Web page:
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Re: Server-realm configuration stanzas.

From: Simon Josefsson
Subject: Re: Server-realm configuration stanzas.
Date: Thu, 30 Aug 2012 12:15:21 +0200
User-agent: Gnus/5.130006 (Ma Gnus v0.6) Emacs/23.3 (gnu/linux)

Mats Erik Andersson <address@hidden> writes:

> In order to enhance my credibility, let me produce
> a test case for getsubopt() that illuminates the
> failure of the present implementation of shishi_cfg().

Thank you!  I believe you have identified a difference between GNU and
POSIX getsubopt.  Possibly gnulib should work around this problem.  I'm
redirecting this to the gnulib list for further discussion by the

Gnulib's getsubopt portability issues are documented here:


It only says the function is missing on some platforms, not any other
portability concerns.

The POSIX spec is here:



    If the string at *optionp contains only one suboption argument
    (equivalently, no commas), getsubopt() shall update *optionp to
    point to the null character at the end of the string. Otherwise, it
    shall isolate the suboption argument by replacing the comma
    separator with a null character, and shall update *optionp to point
    to the start of the next suboption argument. If the suboption
    argument has an associated value (equivalently, contains an equal
    sign), getsubopt() shall update *valuep to point to the value's
    first character. Otherwise, it shall set *valuep to a null
    pointer. The calling application may use this information to
    determine whether the presence or absence of a value for the
    suboption is an error.

    Additionally, when getsubopt() fails to match the suboption argument
    with a token in the keylistp array, the calling application should
    decide if this is an error, or if the unrecognized option should be
    processed in another way.

Alas the final paragraph doesn't demand any specific behaviour of
getsubopt when there is no match, however the paragraph begins with
"Additionaly" so presumably (*) whatever is done when there is no match
is done on top of what is normally done, which is covered by the
previous paragraph.

(*) This is debatable, but was my initial reading.

The GNU libc documentation is here:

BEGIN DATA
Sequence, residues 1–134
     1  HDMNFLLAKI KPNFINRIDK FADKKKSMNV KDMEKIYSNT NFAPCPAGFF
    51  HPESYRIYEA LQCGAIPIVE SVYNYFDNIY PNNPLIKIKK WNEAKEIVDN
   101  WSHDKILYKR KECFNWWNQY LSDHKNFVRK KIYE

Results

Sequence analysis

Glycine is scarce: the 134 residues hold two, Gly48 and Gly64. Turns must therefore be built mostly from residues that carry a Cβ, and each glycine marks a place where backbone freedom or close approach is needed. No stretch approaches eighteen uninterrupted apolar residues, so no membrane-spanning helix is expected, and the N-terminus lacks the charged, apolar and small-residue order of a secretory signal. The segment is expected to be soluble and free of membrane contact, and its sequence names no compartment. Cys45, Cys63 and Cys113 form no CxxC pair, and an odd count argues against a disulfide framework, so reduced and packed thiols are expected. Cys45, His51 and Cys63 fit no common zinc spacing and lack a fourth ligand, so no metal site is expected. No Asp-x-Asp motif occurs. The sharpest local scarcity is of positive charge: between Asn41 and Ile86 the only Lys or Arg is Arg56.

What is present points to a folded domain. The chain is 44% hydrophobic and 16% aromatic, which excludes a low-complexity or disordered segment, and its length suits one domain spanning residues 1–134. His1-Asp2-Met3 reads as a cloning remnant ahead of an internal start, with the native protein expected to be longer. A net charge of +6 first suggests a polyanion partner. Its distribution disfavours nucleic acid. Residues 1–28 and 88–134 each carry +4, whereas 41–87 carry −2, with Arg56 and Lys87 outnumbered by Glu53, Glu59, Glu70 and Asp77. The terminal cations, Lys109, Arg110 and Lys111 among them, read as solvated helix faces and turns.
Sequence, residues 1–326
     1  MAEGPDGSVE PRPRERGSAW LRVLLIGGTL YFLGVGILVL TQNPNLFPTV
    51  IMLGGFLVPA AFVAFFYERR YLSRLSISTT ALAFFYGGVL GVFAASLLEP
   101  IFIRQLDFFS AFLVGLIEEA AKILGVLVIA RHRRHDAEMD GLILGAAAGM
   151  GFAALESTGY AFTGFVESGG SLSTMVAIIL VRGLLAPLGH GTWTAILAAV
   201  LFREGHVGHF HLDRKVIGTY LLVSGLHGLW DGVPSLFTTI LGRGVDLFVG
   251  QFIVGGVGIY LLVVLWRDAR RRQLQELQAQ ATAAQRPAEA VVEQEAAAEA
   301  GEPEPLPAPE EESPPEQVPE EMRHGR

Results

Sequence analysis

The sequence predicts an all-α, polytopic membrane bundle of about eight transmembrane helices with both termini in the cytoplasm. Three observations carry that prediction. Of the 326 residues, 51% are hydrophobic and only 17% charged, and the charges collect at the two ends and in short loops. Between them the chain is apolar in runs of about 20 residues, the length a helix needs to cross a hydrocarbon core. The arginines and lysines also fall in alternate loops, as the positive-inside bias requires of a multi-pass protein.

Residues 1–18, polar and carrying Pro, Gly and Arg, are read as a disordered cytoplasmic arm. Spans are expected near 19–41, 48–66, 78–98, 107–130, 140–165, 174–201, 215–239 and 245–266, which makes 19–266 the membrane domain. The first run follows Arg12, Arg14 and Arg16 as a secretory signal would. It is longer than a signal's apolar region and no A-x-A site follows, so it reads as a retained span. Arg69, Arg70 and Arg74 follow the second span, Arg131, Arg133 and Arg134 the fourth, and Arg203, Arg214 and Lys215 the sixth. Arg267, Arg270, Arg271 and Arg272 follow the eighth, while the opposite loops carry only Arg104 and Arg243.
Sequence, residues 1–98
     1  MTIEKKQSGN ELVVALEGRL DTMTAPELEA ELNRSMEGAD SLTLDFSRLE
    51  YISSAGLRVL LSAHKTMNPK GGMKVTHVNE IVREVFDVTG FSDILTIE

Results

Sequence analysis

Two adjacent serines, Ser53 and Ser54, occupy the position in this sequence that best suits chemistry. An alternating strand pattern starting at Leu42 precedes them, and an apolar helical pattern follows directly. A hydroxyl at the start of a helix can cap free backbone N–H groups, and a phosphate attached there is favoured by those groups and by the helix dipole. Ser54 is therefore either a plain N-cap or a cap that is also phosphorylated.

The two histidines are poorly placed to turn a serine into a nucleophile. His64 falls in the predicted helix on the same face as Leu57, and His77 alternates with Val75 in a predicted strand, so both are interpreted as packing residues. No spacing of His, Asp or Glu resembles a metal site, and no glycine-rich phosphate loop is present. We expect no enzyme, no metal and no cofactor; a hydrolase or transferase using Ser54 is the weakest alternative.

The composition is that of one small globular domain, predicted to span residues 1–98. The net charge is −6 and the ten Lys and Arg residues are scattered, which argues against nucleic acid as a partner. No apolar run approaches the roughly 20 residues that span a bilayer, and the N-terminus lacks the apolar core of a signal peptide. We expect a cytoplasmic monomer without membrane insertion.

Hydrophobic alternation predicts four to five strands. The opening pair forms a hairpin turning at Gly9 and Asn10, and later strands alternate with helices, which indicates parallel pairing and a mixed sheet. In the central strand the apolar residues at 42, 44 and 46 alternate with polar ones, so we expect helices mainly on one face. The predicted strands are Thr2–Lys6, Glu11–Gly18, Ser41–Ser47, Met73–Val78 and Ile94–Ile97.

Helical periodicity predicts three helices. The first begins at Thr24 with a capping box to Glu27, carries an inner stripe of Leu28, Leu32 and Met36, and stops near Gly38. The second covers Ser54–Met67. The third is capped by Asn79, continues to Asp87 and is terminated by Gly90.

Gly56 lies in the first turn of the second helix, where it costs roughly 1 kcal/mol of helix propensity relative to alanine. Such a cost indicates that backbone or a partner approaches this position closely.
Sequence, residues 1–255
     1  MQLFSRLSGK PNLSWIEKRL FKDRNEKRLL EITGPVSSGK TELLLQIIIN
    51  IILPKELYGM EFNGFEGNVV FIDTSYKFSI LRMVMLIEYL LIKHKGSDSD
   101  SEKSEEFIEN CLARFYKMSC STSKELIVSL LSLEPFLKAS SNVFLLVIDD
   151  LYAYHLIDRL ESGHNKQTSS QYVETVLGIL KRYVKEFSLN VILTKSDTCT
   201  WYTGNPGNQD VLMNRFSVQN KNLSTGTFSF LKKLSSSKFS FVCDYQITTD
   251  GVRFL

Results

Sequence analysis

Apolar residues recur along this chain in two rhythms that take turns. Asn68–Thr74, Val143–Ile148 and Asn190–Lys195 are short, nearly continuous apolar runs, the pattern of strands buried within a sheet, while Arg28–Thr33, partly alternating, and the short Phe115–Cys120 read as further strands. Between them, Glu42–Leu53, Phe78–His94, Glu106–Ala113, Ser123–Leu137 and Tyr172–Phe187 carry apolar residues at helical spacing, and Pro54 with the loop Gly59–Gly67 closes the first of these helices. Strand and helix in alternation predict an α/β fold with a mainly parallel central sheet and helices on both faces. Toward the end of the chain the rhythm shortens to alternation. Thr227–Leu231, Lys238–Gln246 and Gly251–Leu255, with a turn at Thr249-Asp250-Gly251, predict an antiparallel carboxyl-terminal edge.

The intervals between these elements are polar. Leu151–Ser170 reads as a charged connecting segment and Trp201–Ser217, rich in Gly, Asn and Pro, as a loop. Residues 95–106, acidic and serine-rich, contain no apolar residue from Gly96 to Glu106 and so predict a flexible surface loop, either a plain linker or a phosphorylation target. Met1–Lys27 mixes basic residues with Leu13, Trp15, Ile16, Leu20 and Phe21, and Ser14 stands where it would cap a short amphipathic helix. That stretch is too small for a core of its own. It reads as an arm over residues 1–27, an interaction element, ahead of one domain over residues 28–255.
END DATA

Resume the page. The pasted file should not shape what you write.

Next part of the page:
In case the suboption has an associated value introduced by a `='
     character, a pointer to the value is returned in VALUEP.  The
     string is `\0' terminated.  If no argument is available VALUEP is
     set to the null pointer.  By doing this the caller can check
     whether a necessary value is given or whether no unexpected value
     is present.

     In case the next suboption in the string is not mentioned in the
     TOKENS array the starting address of the suboption including a
     possible value is returned in VALUEP and the return value of the
     function is `-1'.

I'm not sure the final paragraph is POSIX compliant.  The first
paragraph in the POSIX spec quoted above says VALUEP should be NULL if
there is no argument, and presumably that applies even if there is no
token match.  GNU behaves different when there is no token match.

The glibc implemtation is here:



  /* Parse comma separated suboption from *OPTIONP and match against
     strings in TOKENS.  If found return index and set *VALUEP to
     optional value introduced by an equal sign.  If the suboption is
     not part of TOKENS return in *VALUEP beginning of unknown
     suboption.  On exit *OPTIONP is set to the beginning of the next
     token or at the terminating NUL character.  */
  getsubopt (char **optionp, char *const *tokens, char **valuep)

So I think a portable program that uses getsubopt needs to save a copy
of optionp before passing it to getsubopt, and then if getsubopt returns
-1 it needs to look at that copy instead of value.  If the application
is interested in what the unknown suboption was, that is.

> The test program "test_subopt.c", contained in the present
> message, produces the following output at execution time.
>  GNU libc, OpenSolaris:
>     INPUT: name=this,that,those
>     NAME: value = 'this', tail = 'that,those'
>     default: value = 'that', tail = 'those'
>     default: value = 'those', tail = ''

This seems to be the problem: value should be NULL in the last two

>  FreeBSD 8.2, FreeBSD 9.0, OpenBSD 5.0, NetBSD 5.1, DragonflyBSD 3.1:
>     INPUT: name=this,that,those
>     NAME: value = 'this', tail = 'that,those'
>     default: value = '(null)', tail = 'those'
>     default: value = '(null)', tail = ''

This seems consistent with POSIX.

> A common feature in the BSD implementation is to empty VALUE in
>   getsubopt(&tail, token, &value);
> in case an unrecognised suboption is found. The implementations
> in eglibc and in SunOS libc do not behave that way.

Can you also print out what the return value from getsubopt is in the
'default' value?  Is it -1 or something else?

I'm leaving your test case in this email below for the record.


> Best regards,
>   Mats Erik Andersson
> #include <stdio.h>
> #include <stdlib.h>
> #include <string.h>
> #include <errno.h>
> char *const token[] = {
>       "name",
>       NULL
> };
> int main(void) {
>       char *value, *tail = strdup("name=this,that,those");
>       printf("INPUT: %s\n\n", tail);
>       while (tail && *tail) {
>               switch (getsubopt(&tail, token, &value)) {
>                       case 0:
>                               printf("NAME: value = '%s', tail = '%s'\n",
>                                       value, tail);
>                               break;
>                       default:
>                               printf("default: value = '%s', tail = '%s'\n",
>                                       value, tail);
>               }
>       }
>       return errno;
> }
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